Journal of Applied Ecology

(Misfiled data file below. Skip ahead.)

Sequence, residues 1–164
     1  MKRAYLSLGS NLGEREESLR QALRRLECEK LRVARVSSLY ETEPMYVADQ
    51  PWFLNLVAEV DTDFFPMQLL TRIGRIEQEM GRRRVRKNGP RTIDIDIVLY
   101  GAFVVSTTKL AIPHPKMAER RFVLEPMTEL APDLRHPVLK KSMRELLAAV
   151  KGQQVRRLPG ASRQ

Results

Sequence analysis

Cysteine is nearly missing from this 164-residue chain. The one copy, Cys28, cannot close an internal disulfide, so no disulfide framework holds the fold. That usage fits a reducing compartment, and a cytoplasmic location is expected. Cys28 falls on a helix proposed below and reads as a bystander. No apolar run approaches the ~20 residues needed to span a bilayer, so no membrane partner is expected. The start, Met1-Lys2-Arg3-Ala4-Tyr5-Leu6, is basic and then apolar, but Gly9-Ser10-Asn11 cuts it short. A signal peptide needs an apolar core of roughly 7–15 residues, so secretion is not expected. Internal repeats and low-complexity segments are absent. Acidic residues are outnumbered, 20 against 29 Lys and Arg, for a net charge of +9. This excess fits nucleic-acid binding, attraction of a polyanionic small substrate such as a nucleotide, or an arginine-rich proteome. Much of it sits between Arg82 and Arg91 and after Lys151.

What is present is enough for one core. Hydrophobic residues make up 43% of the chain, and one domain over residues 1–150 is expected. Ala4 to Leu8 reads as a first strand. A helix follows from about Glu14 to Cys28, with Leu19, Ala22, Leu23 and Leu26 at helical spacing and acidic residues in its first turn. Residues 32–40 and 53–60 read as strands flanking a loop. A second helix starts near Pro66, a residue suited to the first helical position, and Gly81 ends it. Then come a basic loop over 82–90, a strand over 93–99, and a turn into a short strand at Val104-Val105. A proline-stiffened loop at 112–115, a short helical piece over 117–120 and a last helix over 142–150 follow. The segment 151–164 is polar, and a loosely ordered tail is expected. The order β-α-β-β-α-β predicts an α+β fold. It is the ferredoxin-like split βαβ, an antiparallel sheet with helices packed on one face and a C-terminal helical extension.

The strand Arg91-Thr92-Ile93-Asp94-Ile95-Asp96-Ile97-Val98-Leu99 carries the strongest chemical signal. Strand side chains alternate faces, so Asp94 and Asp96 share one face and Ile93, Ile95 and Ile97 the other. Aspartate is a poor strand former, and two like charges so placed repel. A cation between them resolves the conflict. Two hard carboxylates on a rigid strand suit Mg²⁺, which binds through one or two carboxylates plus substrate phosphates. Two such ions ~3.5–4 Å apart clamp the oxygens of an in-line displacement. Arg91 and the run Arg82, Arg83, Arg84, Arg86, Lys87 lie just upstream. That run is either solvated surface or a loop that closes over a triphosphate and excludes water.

Artificial lighting of the night‐time has brought enormous benefits to humankind, and has shaped societies in dramatic ways. Indeed, over the last hundred years or so, the introduction of electric street lighting in particular into villages, towns, and cities, has come to epitomise development and modernity. There has been rapid, and ongoing, expansion of the extent of the global area that is now directly artificially lit, including into those parts of landscapes, the protected areas, that are meant to be best shielded from anthropogenic influences (Davies, Duffy, Bennie, & Gaston, 2016; Gaston, Duffy, & Bennie, 2015). Skyglow, caused predominantly by upwardly emitted artificial light being scattered in the atmosphere, and which may reach 10s to 100s of kilometres beyond the limits of urban settlements (Biggs, Fouché, Bilki, & Zadnik, 2012; Luginbuhl, Boley, & Davis, 2014), is now estimated to be experienced by c. 23% of the global land area (Falchi et al., 2016).